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Must-See TV for White People

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CNN's "Black in America" is for whites in America. Because of all the racial stereotyping that still goes on in the world, white people need to know that our story includes sizable circles of affluence.

Black in America 2

Kimberly Seals Allers: I'm a CNN junkie. My son can often be heard saying, "Mommy, CNN AGAIN!!" as it plays all day in the house. And I love Soledad O'Brien. As a journalist and a mom, I love what she stands for, and I was honored to interview her as one of the celebrity moms in my first book, The Mocha Manual to a Fabulous Pregnancy. Understandably, then, I was glued to my television last night for the premiere of "Black in America 2." To be honest, "Black in America 1" was not well-received by some Black folks. It featured too many prison shots, baby daddys, teenage mothers, and certainly wasn't considered by many to be a truly balanced view of the state of Black people in this country.

So I was happy to see this installment take a brighter, balanced, hopeful, and more upbeat tone about who we really are and what are our issues. But truthfully, there wasn't any new information in there for Black people. There was no "Aha!" moment. Black people know there are committed principals like Steve Perry of Hartford, Connecticut's Capital Prep Magnet School, or Harvard alum Ivan Hageman at the East Harlem School in New York City, who are teaching our children and leading them to success where our public schools fail them. It is not us who have given up on the power and promise of Black youth. I blogged about Malaak Compton Rock's phenomenal Journey for Change program in May. We know about the Tuxedo Ball, The Links, Jack and Jill, or any of the other high society, invite-only groups for affluent Black people. We know and love the story of Tyler Perry. And several years ago, when I was an editor at Essence, we wrote about Dr. Funmi Olopade, a professor of medicine at the University of Chicago, who was at the forefront of identifying the high trend of triple negative breast cancer among African-American women and received the prestigious MacArthur "genius" grant in 2005 for her work in this area.

This is not to say that the program isn't well done, nicely produced, and extremely informative. But it's important information that white people need to know. CNN's "Black in America" is for whites in America. Because of all the racial stereotyping that still goes on in the world (just ask renowned scholar Henry Louis Gates, Jr., who was recently arrested for "breaking in" to his own home), white people need to know that our story includes sizable circles of affluence. They need to know our story includes -- gasp! -- Black people saving ourselves from inadequate school systems and getting into college. After all, Hollywood movies ("Dangerous Minds," "Hardball," "Wildcats," "The Ron Clark Story," "Finding Forrester," "Take the Lead," "Freedom Writers," and a litany of other releases) would have you believe this is a white (usually a woman's) job, to sweep into the ghetto and save our children. White people need to know that our community has the intellectual prowess to study our deadly health epidemics and provide meaningful research that benefits the rest of the world.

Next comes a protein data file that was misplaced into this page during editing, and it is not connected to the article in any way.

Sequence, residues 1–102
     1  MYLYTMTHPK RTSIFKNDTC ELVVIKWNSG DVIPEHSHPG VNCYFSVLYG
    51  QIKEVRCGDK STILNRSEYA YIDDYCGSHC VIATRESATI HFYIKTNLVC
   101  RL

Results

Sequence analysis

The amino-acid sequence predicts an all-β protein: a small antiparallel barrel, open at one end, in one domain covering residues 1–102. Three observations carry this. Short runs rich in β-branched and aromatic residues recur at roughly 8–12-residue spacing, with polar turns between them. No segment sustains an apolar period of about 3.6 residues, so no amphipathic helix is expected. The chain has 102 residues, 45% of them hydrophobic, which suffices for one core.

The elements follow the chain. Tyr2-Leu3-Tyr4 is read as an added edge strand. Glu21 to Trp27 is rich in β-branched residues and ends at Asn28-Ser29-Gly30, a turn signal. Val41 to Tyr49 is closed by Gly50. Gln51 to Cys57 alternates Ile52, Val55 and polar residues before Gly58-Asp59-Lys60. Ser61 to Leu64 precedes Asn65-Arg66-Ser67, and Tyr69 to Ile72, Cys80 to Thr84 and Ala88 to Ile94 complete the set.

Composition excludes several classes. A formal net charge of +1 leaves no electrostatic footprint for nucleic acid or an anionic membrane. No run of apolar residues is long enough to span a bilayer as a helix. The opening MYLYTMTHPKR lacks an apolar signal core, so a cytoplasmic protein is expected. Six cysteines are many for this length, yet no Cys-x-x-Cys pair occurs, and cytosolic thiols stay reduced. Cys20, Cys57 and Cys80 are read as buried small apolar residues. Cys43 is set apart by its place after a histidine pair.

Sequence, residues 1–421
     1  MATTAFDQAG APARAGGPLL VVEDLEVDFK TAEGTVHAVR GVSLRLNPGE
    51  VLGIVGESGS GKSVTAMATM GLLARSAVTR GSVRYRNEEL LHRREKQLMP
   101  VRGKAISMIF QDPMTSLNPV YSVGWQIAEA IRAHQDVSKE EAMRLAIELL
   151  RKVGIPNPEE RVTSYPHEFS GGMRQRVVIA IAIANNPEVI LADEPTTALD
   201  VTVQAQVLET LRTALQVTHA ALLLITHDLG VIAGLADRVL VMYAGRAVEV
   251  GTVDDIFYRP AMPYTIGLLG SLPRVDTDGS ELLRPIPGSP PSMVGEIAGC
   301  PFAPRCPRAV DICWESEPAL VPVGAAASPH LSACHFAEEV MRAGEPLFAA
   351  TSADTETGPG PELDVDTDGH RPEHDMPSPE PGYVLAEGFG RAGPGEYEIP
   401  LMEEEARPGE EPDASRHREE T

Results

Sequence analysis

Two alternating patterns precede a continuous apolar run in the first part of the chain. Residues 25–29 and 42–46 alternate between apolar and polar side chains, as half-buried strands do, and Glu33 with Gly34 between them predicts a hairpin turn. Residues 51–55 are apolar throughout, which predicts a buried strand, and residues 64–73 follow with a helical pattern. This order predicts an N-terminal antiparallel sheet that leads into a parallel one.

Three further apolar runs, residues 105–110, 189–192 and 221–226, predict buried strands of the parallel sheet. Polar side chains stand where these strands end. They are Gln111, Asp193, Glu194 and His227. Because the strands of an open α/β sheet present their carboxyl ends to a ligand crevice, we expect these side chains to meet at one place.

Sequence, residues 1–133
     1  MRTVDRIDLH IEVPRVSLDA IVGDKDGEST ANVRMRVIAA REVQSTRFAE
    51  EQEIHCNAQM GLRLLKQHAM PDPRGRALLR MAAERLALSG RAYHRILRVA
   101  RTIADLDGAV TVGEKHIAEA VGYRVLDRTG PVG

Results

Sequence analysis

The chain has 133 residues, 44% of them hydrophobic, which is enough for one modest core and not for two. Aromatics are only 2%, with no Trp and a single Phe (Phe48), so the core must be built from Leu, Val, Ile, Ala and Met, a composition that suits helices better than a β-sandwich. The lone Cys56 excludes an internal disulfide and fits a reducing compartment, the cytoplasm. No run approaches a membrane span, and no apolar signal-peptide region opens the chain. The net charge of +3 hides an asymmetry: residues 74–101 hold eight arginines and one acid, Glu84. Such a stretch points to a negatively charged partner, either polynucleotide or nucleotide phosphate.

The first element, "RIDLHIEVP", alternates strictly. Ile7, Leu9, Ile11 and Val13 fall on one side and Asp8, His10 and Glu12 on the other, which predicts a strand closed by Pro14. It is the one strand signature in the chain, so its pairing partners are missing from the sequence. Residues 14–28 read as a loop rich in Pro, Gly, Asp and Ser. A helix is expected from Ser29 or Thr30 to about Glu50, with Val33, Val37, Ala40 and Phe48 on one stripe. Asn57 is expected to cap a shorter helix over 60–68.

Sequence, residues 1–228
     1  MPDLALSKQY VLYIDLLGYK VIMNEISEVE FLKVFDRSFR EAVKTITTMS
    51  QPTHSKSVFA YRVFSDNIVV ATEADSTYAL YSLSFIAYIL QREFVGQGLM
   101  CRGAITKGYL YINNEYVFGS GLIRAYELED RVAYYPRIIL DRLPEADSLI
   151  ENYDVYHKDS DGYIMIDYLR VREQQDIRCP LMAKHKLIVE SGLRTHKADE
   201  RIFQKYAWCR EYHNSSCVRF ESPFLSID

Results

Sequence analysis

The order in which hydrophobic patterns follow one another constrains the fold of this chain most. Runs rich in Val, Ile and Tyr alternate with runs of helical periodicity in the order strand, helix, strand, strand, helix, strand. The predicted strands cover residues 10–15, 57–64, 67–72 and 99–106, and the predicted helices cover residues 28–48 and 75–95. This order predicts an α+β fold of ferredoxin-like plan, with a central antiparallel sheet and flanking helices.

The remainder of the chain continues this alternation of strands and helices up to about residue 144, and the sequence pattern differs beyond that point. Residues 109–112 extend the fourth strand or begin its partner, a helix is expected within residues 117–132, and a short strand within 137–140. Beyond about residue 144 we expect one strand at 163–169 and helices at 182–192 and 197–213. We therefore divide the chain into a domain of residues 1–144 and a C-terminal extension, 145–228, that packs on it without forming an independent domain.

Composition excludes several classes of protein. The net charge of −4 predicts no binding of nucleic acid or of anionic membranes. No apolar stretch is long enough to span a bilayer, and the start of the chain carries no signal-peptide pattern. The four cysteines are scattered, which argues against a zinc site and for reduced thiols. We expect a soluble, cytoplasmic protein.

I'll be watching Part 2 tonight to see Soledad's work. But more importantly, I hope all of the whites in America are tuning in.


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14 comments so far | Post a comment now
ame i. July 23, 2009, 4:07 PM

Pardon me, but not all whites in America need to watch this program. As non-whites are insulted by the stereotypes placed on them, so are white people such as myself.
Skin color is not the reason people go to prison. Skin color is not the reason some males refuse to act like men & take care of their children & it is not the reason some teen girls are not responsible enough to prevent pregnancies.
When talking to my next door neighbors on my left (he’s a firefighter, she’s a nurse), they are “D.” & “M”, not “that black family next door”. I don’t think of the neighbors to my other side (professor & work-at-home-mom) as that man from Belgium & his wife from Thailand. Doctor “M” across the street just happens to be Japanese because his parents are Japanese.